Tuesday, August 30, 2011

PSI Reports in Dakota County

On July 12, I attended a continuing legal education seminar on probation and pre-sentence investigations. The session was presented by two supervisors at Dakota County Community Corrections, Heidi Siebenaler and Phyllis Grubb.

I was especially interested in this particular CLE for two reasons.

For one thing, I worked in state government as a criminal justice planner for six years, from 1997 to 2003. In the early 2000s, I worked in the Minnesota Department of Corrections under then-Deputy Commissioner Mark Carey, who previously directed Dakota County Community Corrections.

The other reason I was so interested was that, in law school in the mid-1980s, I’d written my student law review note on pre-sentence reports. More precisely, my topic was the discoverability of federal pre-sentence reports under the Freedom of Information Act. Though I chose not to publish the piece, writing it earned me the job of articles editor on the Valparaiso University Law Review for my third year of law school.

Interestingly, one of the specific issues regarding pre-sentence investigation (PSI) reports that the two presenters raised was confidentiality. According to Siebenaler, some Minnesota counties bifurcate the PSI into confidential and non-confidential parts. In Dakota County, however, the entire report is considered confidential.

At first glance, it may seem odd, or even Kafkaesque, not to provide the offender with a copy of his own report. That is the rule, though, in Dakota County. The defense attorney is allowed to see it, but not the offender..

On further analysis, however, the rationale for the rule becomes clearer. In domestic abuse cases, for example, information that other parties have communicated to investigators about the offender can be very sensitive. In fact, Siebenaler said, this can even be a concern when information is communicated to the offender indirectly through the defense attorney.

Thursday, August 25, 2011

Lipstick on a Prison Pig

California’s long-standing corrections crisis continues to unfold. The state has been under federal court order to address severe overcrowding that so severely impacted access to healthcare that the court found it constituted cruel and unusual punishment.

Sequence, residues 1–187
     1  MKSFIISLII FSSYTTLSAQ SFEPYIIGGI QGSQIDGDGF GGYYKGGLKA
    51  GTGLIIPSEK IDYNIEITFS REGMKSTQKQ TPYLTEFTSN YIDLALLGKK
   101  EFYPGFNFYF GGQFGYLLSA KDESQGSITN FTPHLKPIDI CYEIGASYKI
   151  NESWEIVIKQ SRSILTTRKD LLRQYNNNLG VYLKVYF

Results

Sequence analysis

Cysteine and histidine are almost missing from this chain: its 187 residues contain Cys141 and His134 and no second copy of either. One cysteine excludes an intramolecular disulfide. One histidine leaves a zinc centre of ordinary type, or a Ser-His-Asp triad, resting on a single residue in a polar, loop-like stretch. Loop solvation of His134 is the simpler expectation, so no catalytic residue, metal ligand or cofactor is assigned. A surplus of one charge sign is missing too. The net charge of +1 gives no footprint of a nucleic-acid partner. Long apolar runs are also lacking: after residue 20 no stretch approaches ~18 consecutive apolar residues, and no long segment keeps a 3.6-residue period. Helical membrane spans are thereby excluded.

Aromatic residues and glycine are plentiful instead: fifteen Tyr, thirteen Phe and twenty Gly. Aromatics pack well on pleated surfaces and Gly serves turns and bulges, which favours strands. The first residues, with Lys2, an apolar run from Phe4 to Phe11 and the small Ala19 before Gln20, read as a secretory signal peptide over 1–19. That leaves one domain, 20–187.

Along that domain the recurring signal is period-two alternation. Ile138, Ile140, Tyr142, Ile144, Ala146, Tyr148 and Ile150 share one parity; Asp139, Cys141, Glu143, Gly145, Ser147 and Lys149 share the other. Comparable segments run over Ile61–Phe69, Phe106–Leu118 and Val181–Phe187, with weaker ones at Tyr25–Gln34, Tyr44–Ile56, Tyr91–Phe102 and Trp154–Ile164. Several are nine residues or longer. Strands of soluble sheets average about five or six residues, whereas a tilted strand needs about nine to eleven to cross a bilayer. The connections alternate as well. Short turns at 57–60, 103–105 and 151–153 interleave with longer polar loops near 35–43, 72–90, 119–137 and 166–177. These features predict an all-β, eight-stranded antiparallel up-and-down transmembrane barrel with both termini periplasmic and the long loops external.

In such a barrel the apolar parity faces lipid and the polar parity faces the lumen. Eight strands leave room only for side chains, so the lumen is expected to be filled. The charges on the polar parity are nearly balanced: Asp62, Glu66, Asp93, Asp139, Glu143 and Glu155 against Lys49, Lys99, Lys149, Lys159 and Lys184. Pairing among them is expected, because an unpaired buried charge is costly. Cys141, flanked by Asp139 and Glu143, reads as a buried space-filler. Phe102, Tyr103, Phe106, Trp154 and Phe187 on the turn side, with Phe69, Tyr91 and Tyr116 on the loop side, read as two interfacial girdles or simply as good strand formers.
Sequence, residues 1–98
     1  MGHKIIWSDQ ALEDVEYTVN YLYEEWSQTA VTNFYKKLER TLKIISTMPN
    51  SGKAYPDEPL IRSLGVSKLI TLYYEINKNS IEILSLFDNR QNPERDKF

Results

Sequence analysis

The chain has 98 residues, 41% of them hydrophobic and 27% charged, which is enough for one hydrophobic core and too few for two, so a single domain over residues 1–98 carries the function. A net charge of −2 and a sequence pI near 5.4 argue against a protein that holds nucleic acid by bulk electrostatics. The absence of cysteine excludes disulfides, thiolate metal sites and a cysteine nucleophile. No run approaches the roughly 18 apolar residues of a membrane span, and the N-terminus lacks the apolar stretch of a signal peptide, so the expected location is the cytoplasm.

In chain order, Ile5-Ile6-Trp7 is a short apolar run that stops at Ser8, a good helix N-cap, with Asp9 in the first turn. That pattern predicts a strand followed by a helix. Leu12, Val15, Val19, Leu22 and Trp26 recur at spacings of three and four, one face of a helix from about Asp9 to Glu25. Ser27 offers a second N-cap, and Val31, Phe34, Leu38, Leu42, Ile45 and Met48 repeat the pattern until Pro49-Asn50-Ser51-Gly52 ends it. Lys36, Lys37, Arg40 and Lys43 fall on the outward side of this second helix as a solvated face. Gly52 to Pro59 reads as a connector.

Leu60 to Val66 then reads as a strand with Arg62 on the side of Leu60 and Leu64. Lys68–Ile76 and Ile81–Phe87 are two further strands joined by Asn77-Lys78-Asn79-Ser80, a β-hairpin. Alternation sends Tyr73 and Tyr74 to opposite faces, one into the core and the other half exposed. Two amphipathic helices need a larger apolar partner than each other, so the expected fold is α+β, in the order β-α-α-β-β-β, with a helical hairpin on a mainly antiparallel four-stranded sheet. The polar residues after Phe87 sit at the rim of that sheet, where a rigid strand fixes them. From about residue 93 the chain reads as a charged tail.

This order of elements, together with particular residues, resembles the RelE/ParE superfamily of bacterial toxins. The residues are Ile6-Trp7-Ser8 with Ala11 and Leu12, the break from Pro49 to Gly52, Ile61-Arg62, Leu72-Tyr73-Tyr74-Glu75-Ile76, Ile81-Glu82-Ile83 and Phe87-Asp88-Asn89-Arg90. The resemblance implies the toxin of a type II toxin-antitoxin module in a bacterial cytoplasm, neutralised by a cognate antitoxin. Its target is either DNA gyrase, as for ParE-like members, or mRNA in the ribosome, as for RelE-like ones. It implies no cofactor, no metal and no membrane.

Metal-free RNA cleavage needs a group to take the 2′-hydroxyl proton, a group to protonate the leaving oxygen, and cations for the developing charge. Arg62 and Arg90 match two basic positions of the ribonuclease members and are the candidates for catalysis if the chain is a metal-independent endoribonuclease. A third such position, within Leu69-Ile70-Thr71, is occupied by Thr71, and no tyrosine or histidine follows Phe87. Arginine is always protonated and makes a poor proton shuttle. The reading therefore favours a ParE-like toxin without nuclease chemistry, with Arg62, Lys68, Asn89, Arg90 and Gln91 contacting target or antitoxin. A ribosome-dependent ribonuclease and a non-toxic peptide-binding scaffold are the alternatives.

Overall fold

Though the case has been playing out for years, the situation remains tense. Recently, over 6,000 inmates went on a hunger strike to protest the conditions of incarceration. They claimed that many inmates are subjected to sensory deprivation in soundproofed cells without windows for 22 ½ hours a day.

The hunger strike went on for three weeks and involved 13 of the 33 prisons in the California system, according to press accounts.

Prison officials sought to rebut the allegations of inhumane treatment by holding an open house at the Pelican Bay State Prison. Legislatures and journalists were invited in to look around and, as it were, smell the (lack of) roses.

Prison spokesperson Oscar Hidalgo did not exactly give a ringing endorsement of the prison conditions. He called them “far from what we think is tortuous.”

Assemblyman Tom Ammiano, of the General Assembly’s Public Safety Committee, had a different take. Borrowing a line from the 2008 presidential campaign, he said the Pelican Bay officials’ attempts to dress things up were like “lipstick on a pig.”

That phrase is certainly evocative. But the image of even the most bloated pig does not really capture the reality of the American prison system. Don't think pig; think Leviathan.